Every Bird Matters
news and views from international bird rescue

Posts Tagged ‘hazing’

December 31, 2009

Birds shot at Oakland Airport now in care at IBRRC

Dear Friends,

Recent bird hazing efforts at Oakland International Airport have raised concerns about how the birds were shot and left to die and why authorities didn’t alert local wildlife agencies.

Late on December 23, International Bird Rescue Research Center (IBRRC) was asked to assist in capturing injured birds spotted just south of the Oakland airport. Early the next morning two of our response team members worked with California Department of Fish and Game and East Bay Regional Parks to pick up four dead birds and capture what turned out to be five injured shot birds. Three of these birds have since died while two Western Gulls that sustained gun shot wounds are in a guarded condition and still in care at IBRRC’s seabird rescue center in Fairfield.

It has now been reported that the birds were killed by contractors hired by the Oakland International Airport who contracts with the USDA to haze (frighten) birds away from the area if they are deemed a hazard to aircraft.

IBRRC supports any and all humane methods to haze birds away from airports. If these methods are not effective and government officials approve the killing of birds near an airport, it is our opinion that this must be done quickly, professionally and humanely. This also means that the bodies of dead birds should be picked up and any live injured birds should be humanely euthanized.

In the case of the Oyster Point incident local authorities were not informed that birds would be shot. At least 60 birds of various species, including brown pelicans, were shot and their bodies left floating in the area creating a concern that a poaching incident had occurred. Additionally a number of live injured birds with broken wings and other injuries were found by the public creating an unnecessary incident that created emotional stress to peoples lives and increased expenses to IBRRC, who is incurring the cost of the capture and the rehabilitation of the remaining two gulls.

We hope that the Oakland Airport will be investigated for what we consider a negligent “take” of birds near the airport and the inhumane, thoughtless and careless act of leaving injured live birds and the bodies of over 50 dead birds in the area. We hope that this will result in the Oakland Airport making the appropriate changes in their bird hazing protocols.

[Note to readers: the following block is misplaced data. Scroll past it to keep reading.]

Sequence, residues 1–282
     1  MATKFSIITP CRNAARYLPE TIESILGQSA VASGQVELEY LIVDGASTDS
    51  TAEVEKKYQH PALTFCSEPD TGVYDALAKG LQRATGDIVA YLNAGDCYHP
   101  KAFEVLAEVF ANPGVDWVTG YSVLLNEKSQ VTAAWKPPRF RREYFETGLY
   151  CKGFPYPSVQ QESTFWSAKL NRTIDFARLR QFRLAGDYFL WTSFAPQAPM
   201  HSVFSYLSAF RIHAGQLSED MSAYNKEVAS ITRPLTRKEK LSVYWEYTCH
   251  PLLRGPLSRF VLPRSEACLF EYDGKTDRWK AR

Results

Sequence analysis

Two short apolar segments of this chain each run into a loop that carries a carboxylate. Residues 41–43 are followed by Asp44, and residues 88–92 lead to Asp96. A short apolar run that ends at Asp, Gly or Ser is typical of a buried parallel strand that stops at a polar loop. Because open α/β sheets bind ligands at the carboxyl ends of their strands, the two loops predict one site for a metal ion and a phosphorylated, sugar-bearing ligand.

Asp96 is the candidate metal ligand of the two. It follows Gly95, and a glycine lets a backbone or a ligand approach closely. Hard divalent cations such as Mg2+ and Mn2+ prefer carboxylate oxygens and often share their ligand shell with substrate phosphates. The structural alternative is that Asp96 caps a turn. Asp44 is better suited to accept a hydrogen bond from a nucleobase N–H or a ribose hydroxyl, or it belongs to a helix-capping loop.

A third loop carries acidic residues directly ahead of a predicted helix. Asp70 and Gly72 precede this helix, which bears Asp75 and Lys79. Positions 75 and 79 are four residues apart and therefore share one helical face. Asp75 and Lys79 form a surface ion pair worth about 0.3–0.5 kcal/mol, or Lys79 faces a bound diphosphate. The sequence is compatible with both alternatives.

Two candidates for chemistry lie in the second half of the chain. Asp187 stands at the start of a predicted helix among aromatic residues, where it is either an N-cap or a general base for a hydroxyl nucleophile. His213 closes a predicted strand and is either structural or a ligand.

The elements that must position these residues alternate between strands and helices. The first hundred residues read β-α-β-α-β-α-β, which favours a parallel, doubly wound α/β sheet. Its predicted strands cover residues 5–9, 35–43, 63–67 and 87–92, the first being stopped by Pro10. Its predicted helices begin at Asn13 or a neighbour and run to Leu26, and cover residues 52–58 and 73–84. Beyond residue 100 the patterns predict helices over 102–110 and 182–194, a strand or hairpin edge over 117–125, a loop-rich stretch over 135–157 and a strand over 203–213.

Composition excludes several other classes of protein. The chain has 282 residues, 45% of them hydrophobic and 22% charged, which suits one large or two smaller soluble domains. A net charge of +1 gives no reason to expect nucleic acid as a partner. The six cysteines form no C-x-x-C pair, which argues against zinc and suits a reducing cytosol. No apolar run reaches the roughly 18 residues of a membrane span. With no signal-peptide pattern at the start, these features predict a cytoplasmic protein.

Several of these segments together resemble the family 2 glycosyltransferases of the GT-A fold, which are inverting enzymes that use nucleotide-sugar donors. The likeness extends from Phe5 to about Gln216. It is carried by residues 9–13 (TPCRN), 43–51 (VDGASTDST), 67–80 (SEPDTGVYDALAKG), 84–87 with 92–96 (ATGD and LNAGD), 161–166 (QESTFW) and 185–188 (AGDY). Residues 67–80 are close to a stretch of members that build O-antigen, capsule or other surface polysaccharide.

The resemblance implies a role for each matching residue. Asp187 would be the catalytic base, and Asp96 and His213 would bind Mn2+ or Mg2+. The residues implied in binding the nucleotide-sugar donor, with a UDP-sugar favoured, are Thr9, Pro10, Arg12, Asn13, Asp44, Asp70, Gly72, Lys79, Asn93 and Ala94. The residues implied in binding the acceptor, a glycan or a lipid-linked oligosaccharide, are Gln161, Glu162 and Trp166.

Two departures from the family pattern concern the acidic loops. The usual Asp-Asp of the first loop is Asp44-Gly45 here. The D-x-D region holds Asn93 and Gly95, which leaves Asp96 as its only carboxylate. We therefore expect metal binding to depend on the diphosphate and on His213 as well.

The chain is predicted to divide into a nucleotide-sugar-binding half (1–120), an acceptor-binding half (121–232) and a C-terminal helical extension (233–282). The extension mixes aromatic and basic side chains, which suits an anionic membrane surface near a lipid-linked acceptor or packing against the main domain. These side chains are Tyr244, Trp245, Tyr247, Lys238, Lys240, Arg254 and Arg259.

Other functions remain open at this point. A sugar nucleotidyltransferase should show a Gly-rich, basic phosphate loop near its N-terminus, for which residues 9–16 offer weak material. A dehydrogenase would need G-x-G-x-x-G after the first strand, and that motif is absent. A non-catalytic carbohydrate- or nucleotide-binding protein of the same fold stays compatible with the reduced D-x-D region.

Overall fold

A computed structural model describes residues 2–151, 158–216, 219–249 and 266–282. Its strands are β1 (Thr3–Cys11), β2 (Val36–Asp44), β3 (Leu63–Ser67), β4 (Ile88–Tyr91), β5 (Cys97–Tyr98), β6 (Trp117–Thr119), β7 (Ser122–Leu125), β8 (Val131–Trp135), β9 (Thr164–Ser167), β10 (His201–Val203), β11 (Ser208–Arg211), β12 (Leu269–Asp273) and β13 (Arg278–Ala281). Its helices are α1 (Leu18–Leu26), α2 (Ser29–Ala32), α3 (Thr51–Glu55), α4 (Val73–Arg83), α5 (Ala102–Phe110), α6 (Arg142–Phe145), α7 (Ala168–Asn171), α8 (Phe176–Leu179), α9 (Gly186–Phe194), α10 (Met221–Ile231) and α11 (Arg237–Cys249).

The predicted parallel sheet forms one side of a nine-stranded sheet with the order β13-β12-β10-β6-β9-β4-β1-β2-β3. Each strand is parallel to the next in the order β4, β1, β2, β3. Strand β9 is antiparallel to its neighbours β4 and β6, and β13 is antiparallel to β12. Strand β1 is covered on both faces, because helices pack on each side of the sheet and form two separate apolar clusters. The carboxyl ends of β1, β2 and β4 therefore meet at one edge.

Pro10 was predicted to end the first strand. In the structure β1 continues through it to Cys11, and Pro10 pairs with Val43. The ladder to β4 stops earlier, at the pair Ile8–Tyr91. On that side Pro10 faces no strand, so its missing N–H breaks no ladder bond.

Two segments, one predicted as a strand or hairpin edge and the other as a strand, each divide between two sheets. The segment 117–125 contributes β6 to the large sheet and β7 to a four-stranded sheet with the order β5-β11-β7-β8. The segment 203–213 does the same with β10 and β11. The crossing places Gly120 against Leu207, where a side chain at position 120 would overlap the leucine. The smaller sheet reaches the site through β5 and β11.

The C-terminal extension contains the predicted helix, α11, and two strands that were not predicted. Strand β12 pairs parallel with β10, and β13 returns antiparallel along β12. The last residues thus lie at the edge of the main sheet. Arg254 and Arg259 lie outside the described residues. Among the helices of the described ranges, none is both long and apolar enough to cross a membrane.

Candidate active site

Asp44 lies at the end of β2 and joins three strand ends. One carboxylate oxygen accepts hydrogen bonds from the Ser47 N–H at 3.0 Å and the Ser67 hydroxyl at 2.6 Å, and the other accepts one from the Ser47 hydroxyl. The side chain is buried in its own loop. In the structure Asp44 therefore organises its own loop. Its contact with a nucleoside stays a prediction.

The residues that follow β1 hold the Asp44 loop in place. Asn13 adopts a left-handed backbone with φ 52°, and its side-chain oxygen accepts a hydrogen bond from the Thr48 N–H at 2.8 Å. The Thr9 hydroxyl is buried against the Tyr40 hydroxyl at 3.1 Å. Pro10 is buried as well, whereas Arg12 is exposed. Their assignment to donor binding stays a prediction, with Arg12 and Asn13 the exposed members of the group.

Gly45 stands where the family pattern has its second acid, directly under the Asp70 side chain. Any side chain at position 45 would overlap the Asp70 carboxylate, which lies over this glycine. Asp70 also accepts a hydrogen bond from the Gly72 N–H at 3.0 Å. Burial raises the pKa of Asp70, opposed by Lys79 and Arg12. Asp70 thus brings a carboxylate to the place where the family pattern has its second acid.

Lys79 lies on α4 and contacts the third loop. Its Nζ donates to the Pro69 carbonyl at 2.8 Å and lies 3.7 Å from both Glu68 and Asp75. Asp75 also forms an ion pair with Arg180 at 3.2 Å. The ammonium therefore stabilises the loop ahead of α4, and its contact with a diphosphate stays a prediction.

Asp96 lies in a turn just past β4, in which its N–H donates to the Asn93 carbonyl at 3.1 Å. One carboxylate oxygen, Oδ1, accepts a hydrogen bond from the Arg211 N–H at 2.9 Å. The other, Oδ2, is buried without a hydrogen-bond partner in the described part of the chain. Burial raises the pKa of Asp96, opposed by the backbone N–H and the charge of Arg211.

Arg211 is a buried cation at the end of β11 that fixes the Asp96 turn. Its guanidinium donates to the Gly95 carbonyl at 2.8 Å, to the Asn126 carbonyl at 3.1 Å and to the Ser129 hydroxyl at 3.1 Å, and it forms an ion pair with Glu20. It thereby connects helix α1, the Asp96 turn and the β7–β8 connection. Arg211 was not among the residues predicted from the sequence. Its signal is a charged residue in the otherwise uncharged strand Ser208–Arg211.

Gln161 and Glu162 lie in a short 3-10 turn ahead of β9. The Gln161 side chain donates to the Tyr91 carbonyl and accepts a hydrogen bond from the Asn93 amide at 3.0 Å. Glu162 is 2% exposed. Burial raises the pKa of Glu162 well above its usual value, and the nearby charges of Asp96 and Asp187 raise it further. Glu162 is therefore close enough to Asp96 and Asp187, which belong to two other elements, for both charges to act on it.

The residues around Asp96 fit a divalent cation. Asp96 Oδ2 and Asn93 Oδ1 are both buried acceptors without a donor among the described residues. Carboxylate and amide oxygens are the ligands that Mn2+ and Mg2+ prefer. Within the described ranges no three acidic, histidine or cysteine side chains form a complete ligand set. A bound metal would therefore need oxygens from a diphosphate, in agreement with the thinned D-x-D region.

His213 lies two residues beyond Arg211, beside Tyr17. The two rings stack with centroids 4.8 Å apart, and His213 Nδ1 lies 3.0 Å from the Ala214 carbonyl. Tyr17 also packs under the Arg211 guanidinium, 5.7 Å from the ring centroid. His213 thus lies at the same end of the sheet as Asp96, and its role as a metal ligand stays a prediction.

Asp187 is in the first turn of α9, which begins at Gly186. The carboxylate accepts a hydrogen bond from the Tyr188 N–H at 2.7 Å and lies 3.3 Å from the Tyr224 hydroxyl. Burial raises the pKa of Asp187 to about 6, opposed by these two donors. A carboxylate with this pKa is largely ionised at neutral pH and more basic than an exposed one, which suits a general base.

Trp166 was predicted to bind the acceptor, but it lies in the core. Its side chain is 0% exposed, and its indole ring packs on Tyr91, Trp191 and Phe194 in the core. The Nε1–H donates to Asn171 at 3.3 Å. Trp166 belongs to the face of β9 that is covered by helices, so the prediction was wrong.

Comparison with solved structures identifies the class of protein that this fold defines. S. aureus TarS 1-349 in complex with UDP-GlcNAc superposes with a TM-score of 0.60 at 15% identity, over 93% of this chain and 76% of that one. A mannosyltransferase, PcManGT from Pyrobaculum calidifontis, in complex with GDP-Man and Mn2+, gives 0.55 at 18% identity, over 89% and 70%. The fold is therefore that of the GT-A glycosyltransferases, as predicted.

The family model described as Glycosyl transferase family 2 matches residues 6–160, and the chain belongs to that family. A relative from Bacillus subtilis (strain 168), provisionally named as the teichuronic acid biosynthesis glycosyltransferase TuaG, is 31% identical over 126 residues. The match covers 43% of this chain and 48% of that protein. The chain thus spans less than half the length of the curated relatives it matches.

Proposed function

Jay Holcomb
, Executive Director
International Bird Rescue Research Center

News reports:

Birds killed to protect planes at Oakland airport: Oakland Tribune

August 17, 2009

Bird hazing twist at airports: Warning birds visually

A new idea in hazing birds from busy airport flight paths includes the idea that birds can be warned when they’re in harms way. According to a recent NPR news report, some wildlife biologists are testing their theory by communicating with them visually.

“Vision is the primary sensory pathway in birds,” says a researcher. He and his research team hope to “play upon that sensory pathway, understand it and use the lights that are on the aircraft basically to buy time for the aircraft — and buy time for the birds.”

After US Airways jet hit geese after takeoff from a New York airport and made an emergency landing in the Hudson River in January, it turned spotlight on the high level of bird strikes. Airports try a lot of tricks to keep birds away, but now some researchers are shining light on a possible solution.

At Plum Brook Station, a 6,000-acre, high-security government campus near Sandusky, Ohio, scientists are literally flying a plane at groups of geese and watching how they react. It’s a radio-controlled model plane — a 9-foot wingspan aircraft that looks like a miniature Cessna.

It’s a phenomenon that others have investigated less formally. One effort mentioned in a National Transportation Safety Board report in May was by Qantas Airlines. The Australian carrier reported a 10- to 40-percent drop in bird strike rates after they mounted pulsating lights on their 737s.

Read and listen to the full report on the NPR website

May 19, 2009

When hazing birds doesn’t go well

Keeping birds out of places we humans don’t want them to be has always been an inexact science.

No more than these pictures demonstrate from Valdez, Alaska where a owl decoy is supposed to be keeping Arctic Terns away from a entrance to a boat dock area.

Notice the eggs in the second picture. NOT exactly working!

These pictures are from Jay Holcomb, IBRRC’s Executive Director, who is in Valdez this week working on a big oil spill drill with bird rescue’s Alaska representative, Barbara Callahan.

However, bird hazing is serious business in oil spill response. So much so that the Office of Spill Prevention and Response (OSPR) and the California Department of Fish and Game came out last year with a Bird Hazing Manual: Techniques and Strategies for Dispersing Birds from Spill Sites. You can download it here